Balanced Scorecard Methodology
CSPs can use a Balanced Scorecard Methodology to help identify and prioritise potential Use Cases for Automation.
The Balanced Scorecard Methodology helps organisations assess the feasibility of a Use Case by identifying potential complexities, organisational politics, and cultural resistance. By focusing on a subset of Use Cases with fewer obstacles and aligning all necessary resources, CSPs can confidently start their Automation journey. Equally important, the methodology also highlights areas with red flags, cautioning against attempting Automation in such cases to avoid potential failures.
Through a well-implemented Balanced Scorecard, organisations can establish clear performance targets, monitor progress, and make data-driven decisions to drive their strategic Automation initiatives effectively.
Human-In-The-Loop for Use Case Execution
Another aspect is to consider when choosing Use Cases is when, and where people are going to be involved in the execution of a Use Case.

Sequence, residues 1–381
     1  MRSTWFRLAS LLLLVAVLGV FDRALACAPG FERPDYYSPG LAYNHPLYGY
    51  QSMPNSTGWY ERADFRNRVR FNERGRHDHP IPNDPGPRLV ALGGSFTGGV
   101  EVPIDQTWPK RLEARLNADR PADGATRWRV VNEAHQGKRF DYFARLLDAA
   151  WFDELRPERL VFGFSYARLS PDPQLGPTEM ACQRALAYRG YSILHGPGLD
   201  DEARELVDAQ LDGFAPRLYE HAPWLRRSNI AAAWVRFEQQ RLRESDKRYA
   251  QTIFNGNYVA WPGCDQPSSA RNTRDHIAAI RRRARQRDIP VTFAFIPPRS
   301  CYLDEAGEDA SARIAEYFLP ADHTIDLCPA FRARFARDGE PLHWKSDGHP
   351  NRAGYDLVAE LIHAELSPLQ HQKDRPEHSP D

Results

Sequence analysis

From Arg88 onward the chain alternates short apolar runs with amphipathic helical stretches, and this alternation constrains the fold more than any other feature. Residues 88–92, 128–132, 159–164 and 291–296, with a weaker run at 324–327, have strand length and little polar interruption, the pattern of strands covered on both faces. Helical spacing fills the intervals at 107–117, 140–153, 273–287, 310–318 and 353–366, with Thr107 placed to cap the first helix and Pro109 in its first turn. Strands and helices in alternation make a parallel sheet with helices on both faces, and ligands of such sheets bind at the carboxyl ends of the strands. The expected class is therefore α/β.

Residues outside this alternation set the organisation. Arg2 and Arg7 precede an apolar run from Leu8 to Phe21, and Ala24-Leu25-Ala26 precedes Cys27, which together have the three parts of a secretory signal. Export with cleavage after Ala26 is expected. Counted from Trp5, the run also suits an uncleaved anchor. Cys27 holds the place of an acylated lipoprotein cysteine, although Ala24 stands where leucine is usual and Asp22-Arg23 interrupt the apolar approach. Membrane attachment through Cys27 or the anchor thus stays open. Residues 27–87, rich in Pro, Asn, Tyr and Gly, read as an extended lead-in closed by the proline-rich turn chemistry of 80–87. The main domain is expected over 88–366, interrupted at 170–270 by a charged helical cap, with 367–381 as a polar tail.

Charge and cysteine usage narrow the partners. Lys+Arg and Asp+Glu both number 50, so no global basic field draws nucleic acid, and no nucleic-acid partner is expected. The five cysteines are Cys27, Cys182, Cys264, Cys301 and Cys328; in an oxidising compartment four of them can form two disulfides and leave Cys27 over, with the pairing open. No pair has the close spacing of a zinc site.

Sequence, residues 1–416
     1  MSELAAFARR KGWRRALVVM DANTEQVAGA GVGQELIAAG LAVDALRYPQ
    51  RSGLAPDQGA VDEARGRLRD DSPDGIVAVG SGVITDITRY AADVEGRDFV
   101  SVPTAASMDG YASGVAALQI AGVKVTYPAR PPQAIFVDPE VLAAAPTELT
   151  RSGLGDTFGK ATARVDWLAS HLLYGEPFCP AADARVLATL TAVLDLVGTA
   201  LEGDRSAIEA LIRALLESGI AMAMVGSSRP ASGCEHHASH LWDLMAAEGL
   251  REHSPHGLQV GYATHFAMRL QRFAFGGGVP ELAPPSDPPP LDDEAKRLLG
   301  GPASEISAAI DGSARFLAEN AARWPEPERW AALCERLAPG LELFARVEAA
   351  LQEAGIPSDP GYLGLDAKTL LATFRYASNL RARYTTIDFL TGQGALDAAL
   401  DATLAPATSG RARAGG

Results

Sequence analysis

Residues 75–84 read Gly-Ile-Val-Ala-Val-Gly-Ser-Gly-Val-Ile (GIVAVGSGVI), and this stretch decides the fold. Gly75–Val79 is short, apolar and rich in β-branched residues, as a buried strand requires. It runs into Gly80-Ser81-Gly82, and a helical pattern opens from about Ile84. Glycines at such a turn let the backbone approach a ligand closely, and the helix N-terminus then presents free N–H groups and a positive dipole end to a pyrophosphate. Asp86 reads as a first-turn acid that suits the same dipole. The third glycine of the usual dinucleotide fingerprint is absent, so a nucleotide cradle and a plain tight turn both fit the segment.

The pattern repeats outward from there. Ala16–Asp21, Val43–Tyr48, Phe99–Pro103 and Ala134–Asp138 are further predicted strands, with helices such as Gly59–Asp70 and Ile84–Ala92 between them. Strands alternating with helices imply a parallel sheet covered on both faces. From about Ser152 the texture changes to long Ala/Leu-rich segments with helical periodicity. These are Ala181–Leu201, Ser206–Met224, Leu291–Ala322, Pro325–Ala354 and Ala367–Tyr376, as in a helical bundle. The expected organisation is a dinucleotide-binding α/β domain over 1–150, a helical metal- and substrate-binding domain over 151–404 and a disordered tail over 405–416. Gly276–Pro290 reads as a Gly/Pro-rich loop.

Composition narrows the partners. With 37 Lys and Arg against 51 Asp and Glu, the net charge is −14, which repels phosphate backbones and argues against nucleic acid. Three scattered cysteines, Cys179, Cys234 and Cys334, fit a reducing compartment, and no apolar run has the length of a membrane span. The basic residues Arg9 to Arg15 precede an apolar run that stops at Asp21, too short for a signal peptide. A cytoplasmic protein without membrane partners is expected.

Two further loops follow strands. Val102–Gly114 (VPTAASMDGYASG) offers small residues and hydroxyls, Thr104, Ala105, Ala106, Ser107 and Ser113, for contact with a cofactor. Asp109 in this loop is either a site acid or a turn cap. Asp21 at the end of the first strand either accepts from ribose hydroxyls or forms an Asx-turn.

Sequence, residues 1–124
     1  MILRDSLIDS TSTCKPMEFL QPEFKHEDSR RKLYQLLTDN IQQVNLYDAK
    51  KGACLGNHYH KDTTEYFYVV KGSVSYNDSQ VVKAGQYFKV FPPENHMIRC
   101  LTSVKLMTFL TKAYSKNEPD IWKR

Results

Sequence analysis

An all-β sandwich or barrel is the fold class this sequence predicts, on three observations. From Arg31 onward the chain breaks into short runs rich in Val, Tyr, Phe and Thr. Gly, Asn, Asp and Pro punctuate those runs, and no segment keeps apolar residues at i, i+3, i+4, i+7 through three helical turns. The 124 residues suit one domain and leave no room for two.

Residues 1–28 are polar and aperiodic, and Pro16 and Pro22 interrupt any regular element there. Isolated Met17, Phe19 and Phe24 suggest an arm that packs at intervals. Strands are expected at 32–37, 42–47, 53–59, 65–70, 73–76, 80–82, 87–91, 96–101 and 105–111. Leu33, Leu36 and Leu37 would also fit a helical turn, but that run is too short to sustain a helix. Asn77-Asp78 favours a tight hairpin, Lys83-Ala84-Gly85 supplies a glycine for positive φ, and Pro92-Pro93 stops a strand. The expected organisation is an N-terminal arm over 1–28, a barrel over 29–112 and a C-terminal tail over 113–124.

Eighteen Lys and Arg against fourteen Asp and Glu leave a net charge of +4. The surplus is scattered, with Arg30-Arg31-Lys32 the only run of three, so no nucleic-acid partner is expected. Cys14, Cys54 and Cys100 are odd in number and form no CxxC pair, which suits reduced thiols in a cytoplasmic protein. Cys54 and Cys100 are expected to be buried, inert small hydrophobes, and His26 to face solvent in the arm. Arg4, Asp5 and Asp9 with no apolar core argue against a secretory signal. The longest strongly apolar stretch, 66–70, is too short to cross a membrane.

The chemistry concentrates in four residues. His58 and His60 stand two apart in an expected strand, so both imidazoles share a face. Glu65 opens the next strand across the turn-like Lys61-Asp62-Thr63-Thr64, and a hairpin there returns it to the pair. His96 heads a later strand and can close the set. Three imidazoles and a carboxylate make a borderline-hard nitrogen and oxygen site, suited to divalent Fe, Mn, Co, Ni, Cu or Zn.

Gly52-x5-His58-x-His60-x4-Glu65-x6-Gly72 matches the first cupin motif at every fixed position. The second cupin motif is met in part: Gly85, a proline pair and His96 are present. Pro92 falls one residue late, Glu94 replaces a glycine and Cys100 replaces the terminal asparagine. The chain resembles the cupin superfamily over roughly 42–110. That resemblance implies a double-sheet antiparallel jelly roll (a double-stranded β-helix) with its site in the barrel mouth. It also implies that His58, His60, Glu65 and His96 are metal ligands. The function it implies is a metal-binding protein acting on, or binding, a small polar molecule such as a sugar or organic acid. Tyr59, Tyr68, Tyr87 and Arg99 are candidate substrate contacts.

There are typically three reasons for having what we call ‘Human-In-The-Loop’ in Use Case execution.
When human input, decision-making or approval is required
There may be points within a process when human decision making or approval is required; this may be because of legal or regulatory requirements; because of your management and operational policies; or because there are external factors such as customers who need to participate in the process. Each separate execution of the process may or may not require such human input.
Building confidence in Automation
At certain points during Use Case execution, people are given the opportunity to review and approve or reject the automation’s decisions. This allows you to give people the opportunity to review if Automation is making the right decision at that point in time, and then either to approve or reject its continued operation for that execution instance. Over time, as trust in the automation grows, the need for human oversight reduces.